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    Teen HPV Rates Were Cut In Half After The Vaccine Went Public

    Thu, Jun 20, 2013

    Oral Cancer News

    Source ThinkProgress.org
    By Annie-Rose Strasser 
    Published Jun 19, 2013 at 2:35 pm

     

    Following the 2006 introduction of a vaccine against cancer-causing human papillomavirus, rates of HPV in teen girls have plummeted to nearly half, a new study found on Wednesday.

    The Journal of Infectious Diseases reports that HPV infection in girls ages 14 to 19 dropped from 11.5 percent for the years 2003-2006 to 5.1 percent for 2007-2010. Since HPV can lead to cervical cancer, the results also could herald a drop in cancer rates for girls in this age range, too.

    The study illustrates a great advancement in public health, but it also underlines the consequences for those huge numbers of women and girls who are still not getting their vaccinations; in 2011, only 35 percent of girls ages 13-17 received all three shots in the vaccination series, and only 30 percent of women ages 19-26 had received the vaccine.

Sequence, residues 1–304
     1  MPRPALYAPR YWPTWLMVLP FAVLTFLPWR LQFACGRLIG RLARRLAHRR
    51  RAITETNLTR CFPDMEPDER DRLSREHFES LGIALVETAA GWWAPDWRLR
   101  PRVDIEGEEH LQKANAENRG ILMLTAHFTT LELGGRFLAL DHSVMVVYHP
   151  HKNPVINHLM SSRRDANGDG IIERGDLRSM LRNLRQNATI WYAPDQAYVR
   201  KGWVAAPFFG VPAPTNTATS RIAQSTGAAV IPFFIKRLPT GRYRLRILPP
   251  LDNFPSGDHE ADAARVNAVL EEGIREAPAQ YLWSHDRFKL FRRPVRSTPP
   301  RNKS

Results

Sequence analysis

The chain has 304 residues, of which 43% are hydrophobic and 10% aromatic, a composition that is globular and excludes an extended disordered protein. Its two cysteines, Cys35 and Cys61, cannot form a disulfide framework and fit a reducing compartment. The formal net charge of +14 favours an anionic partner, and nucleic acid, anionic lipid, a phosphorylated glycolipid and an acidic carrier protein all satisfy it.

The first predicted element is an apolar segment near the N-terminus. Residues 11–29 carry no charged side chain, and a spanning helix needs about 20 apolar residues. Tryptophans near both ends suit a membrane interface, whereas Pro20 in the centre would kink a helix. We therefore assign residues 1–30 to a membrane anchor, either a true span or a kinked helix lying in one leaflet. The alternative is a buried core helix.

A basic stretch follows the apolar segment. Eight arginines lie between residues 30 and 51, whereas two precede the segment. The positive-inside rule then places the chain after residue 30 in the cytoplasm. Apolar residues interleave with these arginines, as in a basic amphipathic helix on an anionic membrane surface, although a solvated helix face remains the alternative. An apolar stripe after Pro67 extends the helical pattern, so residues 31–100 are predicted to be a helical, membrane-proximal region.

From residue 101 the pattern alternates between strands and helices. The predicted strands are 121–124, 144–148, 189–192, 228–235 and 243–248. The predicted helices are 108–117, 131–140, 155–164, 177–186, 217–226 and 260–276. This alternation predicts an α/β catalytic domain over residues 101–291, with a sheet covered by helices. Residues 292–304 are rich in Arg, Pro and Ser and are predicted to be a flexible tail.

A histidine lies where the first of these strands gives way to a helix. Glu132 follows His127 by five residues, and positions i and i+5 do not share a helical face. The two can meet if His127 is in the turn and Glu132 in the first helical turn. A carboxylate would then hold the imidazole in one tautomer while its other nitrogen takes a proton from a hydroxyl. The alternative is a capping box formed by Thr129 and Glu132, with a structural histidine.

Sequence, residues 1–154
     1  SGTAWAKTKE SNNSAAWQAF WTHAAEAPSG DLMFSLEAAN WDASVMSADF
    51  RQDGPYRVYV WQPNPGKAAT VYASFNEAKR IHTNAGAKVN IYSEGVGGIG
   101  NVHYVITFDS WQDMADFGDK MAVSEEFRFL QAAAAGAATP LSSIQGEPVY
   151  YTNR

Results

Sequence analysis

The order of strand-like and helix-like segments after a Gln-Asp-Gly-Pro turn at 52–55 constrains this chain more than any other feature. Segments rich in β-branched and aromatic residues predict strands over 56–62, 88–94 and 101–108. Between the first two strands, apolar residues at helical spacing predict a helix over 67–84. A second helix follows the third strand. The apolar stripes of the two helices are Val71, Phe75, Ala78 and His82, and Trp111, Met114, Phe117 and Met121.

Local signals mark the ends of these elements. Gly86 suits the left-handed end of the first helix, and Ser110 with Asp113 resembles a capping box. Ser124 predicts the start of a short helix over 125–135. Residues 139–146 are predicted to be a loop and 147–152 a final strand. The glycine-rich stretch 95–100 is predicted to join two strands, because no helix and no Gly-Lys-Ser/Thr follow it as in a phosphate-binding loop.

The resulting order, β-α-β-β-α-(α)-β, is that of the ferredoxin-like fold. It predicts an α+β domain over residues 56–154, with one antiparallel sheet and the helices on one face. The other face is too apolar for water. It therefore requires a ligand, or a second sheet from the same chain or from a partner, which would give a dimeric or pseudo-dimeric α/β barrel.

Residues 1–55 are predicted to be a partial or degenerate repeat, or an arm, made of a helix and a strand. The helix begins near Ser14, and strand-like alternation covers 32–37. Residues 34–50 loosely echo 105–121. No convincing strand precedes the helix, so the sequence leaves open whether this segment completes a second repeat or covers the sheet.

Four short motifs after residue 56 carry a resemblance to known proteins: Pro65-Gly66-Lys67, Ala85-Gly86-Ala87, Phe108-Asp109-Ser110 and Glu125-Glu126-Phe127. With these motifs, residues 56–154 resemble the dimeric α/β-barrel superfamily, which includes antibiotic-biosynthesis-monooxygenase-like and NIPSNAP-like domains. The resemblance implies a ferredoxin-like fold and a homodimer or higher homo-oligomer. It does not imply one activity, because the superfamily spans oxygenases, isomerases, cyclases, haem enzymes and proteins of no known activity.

Fear-mongering and conspiracy theories over the side effects of the HPV vaccine are a major reason that inoculation rates are so low. While the Centers for Disease control have deemed the shots safe, and especially effective for young girls, 16 percent of parents report not letting their children get the shots for fear of side effects. In fact, incidents of cancer from HPV are rising in the U.S., and the CDC says rates of inoculation are “unacceptably low.”

    These dangerous theories are fueled by conservatives like Rep. Michele Bachmann (R-MN), who campaigned on her insistence that HPV vaccines cause “mental retardation.” Bachmann also got her fellow presidential contender Texas Gov. Rick Perry (R) to backpeddal his support for his state’s legislation that required Texan girls to get the vaccine. Another Republican Governor, South Carolina’s Gov. Nikki Haley, vetoed a bill that would have made HPV vaccines free of cost to girls in her state.

     

    *This news story was resourced by the Oral Cancer Foundation, and vetted for appropriateness and accuracy.

     
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